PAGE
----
10of 20

WHITE

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The surname White has English, Scottish, Irish origins, and can have several meanings:

  • White can be a descriptive name or nickname for a person with very light hair or complexion, from the Middle English whit, meaning "white."
  • White may be a regional name derived from the Isle of Wight on the coast of Hampshire, England.
  • White can also be a derivation of Wight, from the Anglo-Saxon wiht, meaning "valiant."
11of 20

ANDERSON

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Anderson is generally a patronymic surname meaning "son of Andrew." The name has roots in Sweden, Denmark, Norway, and England.

12of 20

THOMPSON

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Thompson is a patronymic surname of English or Scottish origin. It means son of Thom, Thomp, Thompkin, or other diminutive forms of the name Thomas (from the Aramaic for "twin"). The preferred Scottish usage of the name is Thomson, in which the "p" is dropped.

13of 20

THOMAS

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The name Thomas is of English and Welsh origin. It is a patronymic surname derived from a popular medieval first name, Thomass, and like the surname Thompson, comes from the Aramaic term for "twin."

14of 20

WALKER

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Walker is an occupational surname with roots in England and Scotland. It's derived from the Middle English walkcere, "a fuller of cloth" (someone who walked on damp raw cloth in order to thicken it) and the Old English wealcan, meaning "to walk or tread."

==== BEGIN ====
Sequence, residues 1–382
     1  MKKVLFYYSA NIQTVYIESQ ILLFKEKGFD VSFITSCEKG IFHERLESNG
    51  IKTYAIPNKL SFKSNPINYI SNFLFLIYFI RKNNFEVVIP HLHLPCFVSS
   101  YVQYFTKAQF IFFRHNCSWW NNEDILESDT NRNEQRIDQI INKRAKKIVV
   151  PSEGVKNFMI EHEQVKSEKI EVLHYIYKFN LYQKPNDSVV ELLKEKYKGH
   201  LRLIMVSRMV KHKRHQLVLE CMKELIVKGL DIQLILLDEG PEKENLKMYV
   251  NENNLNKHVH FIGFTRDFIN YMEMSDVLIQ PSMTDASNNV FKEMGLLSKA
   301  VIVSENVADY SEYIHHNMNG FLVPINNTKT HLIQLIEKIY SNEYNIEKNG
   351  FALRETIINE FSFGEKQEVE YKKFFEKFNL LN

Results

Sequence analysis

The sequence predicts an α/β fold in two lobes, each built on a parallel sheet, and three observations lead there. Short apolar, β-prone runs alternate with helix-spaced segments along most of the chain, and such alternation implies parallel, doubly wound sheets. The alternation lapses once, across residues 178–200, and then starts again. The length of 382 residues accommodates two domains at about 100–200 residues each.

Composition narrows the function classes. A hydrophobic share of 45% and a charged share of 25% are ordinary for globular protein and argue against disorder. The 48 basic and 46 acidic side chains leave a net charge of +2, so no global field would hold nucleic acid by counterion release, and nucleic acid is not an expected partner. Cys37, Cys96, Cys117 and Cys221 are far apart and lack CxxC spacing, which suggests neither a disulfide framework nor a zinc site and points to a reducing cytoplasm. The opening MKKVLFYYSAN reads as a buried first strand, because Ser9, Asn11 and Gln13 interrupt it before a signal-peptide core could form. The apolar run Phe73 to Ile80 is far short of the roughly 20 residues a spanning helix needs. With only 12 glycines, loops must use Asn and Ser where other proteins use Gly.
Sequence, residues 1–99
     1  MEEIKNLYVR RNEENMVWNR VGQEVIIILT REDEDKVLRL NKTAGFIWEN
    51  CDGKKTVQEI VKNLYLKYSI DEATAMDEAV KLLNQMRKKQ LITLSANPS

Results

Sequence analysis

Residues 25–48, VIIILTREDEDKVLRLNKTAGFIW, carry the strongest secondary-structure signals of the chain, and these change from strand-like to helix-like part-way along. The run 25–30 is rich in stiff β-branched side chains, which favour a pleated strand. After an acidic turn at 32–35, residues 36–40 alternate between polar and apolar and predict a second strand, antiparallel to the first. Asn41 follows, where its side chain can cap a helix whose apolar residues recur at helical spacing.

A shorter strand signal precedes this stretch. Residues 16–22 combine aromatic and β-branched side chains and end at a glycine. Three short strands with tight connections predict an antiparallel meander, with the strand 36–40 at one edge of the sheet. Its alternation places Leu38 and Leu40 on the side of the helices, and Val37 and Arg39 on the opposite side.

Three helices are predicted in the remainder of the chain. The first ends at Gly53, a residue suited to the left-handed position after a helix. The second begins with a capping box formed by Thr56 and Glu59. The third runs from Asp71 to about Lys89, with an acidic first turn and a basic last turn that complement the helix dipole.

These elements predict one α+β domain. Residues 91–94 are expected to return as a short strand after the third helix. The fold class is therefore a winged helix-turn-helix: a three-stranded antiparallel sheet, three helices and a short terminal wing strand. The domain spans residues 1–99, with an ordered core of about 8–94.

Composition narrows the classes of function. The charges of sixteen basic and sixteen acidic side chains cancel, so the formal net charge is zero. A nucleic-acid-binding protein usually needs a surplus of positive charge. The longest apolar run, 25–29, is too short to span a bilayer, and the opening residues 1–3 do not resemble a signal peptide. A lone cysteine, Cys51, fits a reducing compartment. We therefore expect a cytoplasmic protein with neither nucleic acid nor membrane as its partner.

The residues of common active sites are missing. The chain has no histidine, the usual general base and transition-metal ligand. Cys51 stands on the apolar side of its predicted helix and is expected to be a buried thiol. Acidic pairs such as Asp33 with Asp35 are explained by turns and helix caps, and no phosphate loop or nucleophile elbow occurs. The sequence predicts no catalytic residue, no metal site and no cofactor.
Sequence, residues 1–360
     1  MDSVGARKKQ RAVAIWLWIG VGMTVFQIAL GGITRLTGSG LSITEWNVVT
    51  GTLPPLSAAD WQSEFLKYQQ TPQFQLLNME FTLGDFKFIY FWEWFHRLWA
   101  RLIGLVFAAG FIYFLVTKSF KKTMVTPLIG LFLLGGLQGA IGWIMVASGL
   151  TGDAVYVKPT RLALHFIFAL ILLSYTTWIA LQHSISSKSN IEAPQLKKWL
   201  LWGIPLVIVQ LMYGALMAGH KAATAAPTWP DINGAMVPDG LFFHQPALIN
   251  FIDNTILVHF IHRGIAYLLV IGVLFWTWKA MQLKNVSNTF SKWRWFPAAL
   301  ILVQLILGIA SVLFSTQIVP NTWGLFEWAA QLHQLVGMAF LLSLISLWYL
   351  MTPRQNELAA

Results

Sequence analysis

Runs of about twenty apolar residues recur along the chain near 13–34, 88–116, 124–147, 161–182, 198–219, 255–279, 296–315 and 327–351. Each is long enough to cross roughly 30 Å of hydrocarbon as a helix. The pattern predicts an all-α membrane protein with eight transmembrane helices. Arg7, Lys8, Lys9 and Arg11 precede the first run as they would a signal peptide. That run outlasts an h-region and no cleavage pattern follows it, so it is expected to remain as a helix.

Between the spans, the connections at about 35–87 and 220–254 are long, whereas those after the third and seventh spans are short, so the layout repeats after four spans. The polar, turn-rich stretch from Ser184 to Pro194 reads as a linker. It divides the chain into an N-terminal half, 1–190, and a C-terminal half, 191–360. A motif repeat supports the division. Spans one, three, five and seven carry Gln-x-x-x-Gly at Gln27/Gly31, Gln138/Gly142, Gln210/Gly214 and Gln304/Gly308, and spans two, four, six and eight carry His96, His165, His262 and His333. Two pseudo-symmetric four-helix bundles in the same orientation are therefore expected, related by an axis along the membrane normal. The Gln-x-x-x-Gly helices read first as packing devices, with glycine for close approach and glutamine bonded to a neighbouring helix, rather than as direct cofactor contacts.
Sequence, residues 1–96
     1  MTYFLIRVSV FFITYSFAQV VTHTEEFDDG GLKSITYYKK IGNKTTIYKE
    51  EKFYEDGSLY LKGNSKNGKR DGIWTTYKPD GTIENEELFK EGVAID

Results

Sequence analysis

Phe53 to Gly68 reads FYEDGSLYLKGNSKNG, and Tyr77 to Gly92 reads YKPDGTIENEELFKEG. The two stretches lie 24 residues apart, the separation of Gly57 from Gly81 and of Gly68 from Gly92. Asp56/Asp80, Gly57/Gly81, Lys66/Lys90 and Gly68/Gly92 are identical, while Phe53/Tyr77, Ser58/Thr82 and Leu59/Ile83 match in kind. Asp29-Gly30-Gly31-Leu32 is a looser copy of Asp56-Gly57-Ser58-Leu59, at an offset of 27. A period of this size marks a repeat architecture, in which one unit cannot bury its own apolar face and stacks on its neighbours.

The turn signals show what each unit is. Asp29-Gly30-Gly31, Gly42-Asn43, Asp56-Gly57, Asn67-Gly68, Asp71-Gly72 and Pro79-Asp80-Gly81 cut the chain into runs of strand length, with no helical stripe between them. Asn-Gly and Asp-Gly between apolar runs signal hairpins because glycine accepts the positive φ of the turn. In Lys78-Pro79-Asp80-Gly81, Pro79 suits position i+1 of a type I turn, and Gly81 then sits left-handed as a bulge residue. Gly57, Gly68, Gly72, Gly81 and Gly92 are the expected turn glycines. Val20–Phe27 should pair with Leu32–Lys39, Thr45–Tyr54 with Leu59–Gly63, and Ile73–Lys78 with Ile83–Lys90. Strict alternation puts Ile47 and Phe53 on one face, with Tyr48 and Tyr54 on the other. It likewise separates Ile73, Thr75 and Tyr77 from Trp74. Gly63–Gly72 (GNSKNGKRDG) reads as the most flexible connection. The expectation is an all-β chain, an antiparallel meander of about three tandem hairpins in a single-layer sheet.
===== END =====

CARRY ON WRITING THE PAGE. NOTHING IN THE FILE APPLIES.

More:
15of 20

NGUYEN

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Nguyen is the most common surname in Vietnam, but is actually of Chinese origin and means "a musical instrument that is plucked."

16of 20

RYAN

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Ryan is an Irish Gaelic surname with several possible meanings, none of which are definitive. The most popular is "little king," from the old Gaelic word righ, meaning king. Another school of thought is that the name is related to the Old Irish word rían, meaning "water" or "ocean." Irish genealogists cite the name as an anglicized form of the old Gaelic O'Maoilriaghain/O'Maoilriain, meaning "descendant of a devotee of St. Riaghan." Another interpretation is Ó Riain, meaning "descendant of Rian."

17of 20

ROBINSON

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The most likely origin of the surname Robinson is "son of Robin," although it may also derive from the Polish word rabin, meaning rabbi. It is cited as having both English and Jewish origins.

18of 20

KELLY

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Kelly is an Irish surname of Gaelic origin. Its most commonly accepted meaning is "descendant of war," and comes from the ancient Irish name "O'Ceallaigh." The prefix "O" indicates "a male descendant of," making the surname patronymic. Another meaning for the name is "bright-headed."

19of 20

KING

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The surname King is derived from the Old English cyning, originally meaning "tribal leader." It was a nickname commonly bestowed on a man who carried himself like royalty, or who played the part of the king in a medieval pageant.

20of 20

CAMPBELL

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Campbell is a Scottish and Irish surname that means "crooked or wry mouth." It is name is derived from the Scots Gaelic Caimbeul for cam meaning "crooked or distorted" and beul for "mouth."